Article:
WHEATFIELD, N.Y. -- It's been nearly a month since Department of Environmental Conservation crews conducted soil sampling in backyards along Nash Road on the North Tonawanda/Wheatfield border.
Governor Cuomo directed the agency to do so after residents reached out with worries that toxins from Niagara Sanitation Landfill Superfund site next door were leaching onto their properties.
Wednesday, attorneys for those residents sent the Governor a letter, asking for more testing to be done inside the homes.
"If soil testing was the only thing that we did, we may not have understood the gravity of the situation out here. So, that's why we did groundwater testing and we noticed that there may be intrusion from basements and things like that," said Ashley Liuzza, an Attorney for Smith Stag, L.L.C.
Last fall, the attorneys hired Boston Chemical Data Corporation to test dust and basement sump levels in 21 homes.
They found 18 pesticides that also exist in the landfill.
The data shows indoor contamination was 10 to 100 times higher than outdoor samples... with one home at 5,000 times higher.
"We have what I think is a fairly good statistically significant set of scientific data that's produced by a certified laboratory that shows unusually high levels of organic chlorine pesticides and PCBs that exceeds New York state residential use standards," said Boston Chemical Corp. President Marco Kaltofen.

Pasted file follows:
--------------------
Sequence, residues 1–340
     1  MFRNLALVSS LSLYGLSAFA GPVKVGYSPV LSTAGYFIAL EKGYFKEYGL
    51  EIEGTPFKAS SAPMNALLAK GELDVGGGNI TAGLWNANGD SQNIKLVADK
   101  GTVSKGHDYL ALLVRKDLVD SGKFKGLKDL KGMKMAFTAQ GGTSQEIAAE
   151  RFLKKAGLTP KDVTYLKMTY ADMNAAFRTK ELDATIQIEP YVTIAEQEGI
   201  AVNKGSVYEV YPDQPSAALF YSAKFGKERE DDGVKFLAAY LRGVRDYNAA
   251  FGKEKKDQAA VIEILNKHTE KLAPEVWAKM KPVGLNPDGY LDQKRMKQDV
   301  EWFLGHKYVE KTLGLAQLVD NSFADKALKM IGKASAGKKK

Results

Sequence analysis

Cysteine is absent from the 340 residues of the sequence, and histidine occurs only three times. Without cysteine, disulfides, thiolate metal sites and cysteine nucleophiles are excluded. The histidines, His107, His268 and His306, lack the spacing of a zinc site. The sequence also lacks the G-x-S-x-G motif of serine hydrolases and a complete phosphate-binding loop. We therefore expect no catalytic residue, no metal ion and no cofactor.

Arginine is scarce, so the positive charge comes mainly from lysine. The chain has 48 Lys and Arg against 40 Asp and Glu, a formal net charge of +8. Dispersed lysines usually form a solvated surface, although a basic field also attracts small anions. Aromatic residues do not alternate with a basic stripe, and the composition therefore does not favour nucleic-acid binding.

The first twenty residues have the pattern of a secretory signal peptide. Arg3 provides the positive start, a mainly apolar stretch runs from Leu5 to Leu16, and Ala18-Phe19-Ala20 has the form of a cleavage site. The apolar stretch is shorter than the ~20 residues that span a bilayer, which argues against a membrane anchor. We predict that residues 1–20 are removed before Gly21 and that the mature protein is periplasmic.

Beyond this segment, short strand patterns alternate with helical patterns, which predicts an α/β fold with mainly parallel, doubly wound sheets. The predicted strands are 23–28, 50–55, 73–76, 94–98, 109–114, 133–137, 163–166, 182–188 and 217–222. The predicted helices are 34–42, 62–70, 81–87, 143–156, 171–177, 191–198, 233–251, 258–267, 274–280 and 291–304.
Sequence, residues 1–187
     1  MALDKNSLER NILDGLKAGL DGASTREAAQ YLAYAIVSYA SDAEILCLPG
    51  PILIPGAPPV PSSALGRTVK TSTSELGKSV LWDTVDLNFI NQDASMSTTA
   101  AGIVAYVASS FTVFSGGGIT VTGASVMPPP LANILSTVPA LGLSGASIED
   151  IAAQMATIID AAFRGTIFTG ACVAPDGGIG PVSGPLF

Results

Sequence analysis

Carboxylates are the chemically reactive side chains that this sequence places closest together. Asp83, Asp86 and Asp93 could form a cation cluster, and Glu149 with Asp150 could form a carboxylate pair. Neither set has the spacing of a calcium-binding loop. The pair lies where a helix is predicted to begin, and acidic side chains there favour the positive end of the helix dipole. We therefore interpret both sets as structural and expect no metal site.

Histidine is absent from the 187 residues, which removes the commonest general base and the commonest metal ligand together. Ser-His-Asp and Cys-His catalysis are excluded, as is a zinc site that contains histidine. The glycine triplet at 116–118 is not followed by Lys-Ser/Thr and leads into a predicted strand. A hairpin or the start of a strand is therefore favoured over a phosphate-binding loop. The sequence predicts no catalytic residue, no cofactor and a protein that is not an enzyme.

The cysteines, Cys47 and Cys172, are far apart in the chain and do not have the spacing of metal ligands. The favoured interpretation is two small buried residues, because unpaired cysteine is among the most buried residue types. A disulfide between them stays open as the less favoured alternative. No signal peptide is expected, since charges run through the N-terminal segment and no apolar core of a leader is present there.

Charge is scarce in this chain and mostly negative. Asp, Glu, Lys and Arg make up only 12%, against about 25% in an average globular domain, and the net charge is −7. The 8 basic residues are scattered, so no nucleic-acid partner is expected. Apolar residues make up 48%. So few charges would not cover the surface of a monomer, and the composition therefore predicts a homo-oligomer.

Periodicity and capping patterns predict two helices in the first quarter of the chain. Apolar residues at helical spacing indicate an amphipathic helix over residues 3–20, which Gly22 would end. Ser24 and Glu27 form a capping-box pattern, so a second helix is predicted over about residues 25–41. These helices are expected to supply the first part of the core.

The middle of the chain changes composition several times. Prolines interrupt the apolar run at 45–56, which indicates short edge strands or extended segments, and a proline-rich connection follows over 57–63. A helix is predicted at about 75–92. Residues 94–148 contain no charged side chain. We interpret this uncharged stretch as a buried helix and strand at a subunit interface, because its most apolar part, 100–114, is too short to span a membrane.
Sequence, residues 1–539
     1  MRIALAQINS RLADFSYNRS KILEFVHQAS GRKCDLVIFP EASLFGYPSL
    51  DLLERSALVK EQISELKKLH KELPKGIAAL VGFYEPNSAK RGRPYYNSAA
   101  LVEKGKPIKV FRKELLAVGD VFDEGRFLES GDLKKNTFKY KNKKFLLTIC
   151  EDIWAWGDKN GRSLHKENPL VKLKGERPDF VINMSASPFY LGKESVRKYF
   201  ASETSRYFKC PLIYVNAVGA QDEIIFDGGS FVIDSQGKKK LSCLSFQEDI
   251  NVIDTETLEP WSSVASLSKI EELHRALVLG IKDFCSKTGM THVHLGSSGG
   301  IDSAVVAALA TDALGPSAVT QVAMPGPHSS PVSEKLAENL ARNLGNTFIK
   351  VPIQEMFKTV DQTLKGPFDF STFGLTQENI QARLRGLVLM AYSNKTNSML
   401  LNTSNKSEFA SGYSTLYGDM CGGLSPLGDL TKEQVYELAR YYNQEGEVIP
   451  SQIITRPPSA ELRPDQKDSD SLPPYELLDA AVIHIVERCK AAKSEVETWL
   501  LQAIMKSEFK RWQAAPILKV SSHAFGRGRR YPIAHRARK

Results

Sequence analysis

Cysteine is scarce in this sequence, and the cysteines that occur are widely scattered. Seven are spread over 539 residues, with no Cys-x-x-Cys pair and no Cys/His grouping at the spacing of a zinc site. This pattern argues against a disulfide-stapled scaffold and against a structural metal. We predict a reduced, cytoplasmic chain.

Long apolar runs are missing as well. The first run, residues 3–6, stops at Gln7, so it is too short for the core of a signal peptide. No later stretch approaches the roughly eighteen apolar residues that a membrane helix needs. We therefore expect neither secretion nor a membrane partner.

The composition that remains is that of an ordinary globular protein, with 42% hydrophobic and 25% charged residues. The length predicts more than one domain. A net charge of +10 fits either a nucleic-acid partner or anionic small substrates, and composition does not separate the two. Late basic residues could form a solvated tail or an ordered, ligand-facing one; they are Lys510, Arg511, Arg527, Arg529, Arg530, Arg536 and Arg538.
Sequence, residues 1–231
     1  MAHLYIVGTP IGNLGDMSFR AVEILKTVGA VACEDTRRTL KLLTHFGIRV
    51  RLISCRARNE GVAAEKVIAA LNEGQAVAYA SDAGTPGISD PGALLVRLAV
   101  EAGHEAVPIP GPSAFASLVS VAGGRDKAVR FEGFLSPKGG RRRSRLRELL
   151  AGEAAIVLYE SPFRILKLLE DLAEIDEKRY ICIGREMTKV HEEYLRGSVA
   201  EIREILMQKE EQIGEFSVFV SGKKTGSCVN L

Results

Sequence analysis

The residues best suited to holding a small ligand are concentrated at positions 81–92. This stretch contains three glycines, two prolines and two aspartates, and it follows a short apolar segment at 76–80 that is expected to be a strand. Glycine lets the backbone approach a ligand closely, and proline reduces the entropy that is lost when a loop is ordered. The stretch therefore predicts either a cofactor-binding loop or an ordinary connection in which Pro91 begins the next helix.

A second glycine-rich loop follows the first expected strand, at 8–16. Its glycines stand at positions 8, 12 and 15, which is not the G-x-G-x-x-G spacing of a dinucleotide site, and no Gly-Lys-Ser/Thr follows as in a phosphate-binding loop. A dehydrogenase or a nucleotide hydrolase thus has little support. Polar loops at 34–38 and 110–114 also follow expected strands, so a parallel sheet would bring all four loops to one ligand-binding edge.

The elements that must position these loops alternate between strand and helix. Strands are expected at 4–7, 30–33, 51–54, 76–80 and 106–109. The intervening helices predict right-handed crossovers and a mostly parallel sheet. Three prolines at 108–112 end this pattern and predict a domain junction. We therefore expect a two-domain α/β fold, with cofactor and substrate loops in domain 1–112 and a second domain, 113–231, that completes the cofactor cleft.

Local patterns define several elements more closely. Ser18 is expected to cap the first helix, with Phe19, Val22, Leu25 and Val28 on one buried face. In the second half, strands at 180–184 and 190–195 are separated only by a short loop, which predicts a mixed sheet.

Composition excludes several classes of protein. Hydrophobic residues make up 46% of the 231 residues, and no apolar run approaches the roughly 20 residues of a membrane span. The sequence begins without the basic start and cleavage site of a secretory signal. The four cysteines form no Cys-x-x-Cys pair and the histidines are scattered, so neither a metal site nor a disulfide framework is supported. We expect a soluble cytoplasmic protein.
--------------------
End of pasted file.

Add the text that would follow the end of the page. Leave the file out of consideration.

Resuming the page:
The DEC and the New York State Department of Health released a joint statement in response to the letter saying:
“After an initial review and without an extensive validation needed of their findings, what their data appears to reveal is residential surface soils are not contaminated. DEC is currently in the process of validating its own residential soil sampling results which will be provided to residents in the coming days. Validating sampling results for a wide variety of contaminants is vital to ensuring absolute accuracy that every resident is entitled to.
While previous groundwater monitoring conducted by DEC did not indicate significant groundwater contamination at the perimeter of the landfill, groundwater elevation data indicates groundwater flow to the north away from Forbes Street and Forbes Terrace. DEC and DOH will take the data into consideration in our evaluation of site conditions. “
The DEC will install monitoring wells to evaluate groundwater this summer.
The testing comes amid a lawsuit by the residents against the Town of Wheatfield and seven companies responsible for dumping Love Canal waste into the 19-acre site.
Several residents will appear next week for a 50-h hearing, or a pre-action hearing.